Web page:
Graham Reid | | 1 min read
Frankly my two periods travelling around Vietnam didn't involve much searching out of music -- although by my desk I keep a photo of a poor woman singer leading her blind guitar-playing brother through a market in the village of Hoi An.
She sang songs of such ineffable sadness that tears flowed from her eyes and the market came to halt to listen. I took the photograph to constantly remind myself that "music" does need to mean CDs, press releases and interviews.
My sole other music experience worth mentioning was the night I was taken off on the back of motorcycle to get a cassette by a singer called Elvis Phuong that a guy in a bar told me about. It was a mad ride through the night and he woke up some poor fellow asleep in his shop (it was late, about 8pm) and I bought some tapes.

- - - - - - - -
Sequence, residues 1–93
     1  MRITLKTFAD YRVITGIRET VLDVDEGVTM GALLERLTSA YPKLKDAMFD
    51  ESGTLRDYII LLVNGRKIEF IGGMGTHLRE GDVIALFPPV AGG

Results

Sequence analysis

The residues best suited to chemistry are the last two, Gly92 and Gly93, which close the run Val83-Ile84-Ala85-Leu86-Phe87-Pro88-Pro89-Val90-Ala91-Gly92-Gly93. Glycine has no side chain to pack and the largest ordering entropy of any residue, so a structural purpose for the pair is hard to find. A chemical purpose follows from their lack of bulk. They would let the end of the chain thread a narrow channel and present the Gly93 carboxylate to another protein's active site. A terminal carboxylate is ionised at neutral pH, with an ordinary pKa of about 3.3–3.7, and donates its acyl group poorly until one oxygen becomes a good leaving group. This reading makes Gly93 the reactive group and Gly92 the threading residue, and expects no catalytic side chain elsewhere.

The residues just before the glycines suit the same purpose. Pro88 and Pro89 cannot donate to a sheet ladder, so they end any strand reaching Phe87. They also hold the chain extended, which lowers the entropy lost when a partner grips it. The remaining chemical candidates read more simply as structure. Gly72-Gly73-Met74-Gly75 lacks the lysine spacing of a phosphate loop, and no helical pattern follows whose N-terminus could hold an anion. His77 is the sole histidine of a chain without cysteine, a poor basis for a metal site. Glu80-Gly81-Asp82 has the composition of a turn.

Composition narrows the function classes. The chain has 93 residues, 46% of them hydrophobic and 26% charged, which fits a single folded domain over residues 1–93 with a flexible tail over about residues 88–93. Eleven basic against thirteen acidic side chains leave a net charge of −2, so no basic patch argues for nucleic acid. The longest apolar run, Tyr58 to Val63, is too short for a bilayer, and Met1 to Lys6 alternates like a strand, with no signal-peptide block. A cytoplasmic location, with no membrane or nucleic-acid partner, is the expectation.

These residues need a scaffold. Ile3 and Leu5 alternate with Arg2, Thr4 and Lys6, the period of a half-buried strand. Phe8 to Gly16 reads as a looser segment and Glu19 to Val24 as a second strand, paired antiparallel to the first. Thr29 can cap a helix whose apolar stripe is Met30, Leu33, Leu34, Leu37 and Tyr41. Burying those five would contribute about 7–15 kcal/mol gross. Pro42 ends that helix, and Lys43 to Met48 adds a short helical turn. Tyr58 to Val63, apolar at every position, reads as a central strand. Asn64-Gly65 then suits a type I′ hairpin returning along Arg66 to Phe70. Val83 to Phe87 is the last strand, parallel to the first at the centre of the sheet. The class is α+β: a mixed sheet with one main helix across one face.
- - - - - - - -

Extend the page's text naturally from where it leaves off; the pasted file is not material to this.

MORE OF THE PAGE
Elvis was bloody ordinary actually, but it was his name I looked for first here, knowing I would recognise no other.
Elvis has left this particular building -- but this hypnotic collection has some woozy traditional folk, beguiling pop ballads, excellent biographical notes, and tracks which boast diverting arrangements.
And Blue Asia here is Japanese producer Makoto Kubota and his Malaysian production team who tap into the undeniably bluesy sound of some Vietnamese music to create what might be called Mekong Delta Blues. Fascinating.
I don't expect many people to turn an ear to this, but I find it quite wonderful.
There are some Vietnam stories under Encounters in Elsewhere, and my travels there in 95 and 97 made for a chapter in my book Postcards From Elsewhere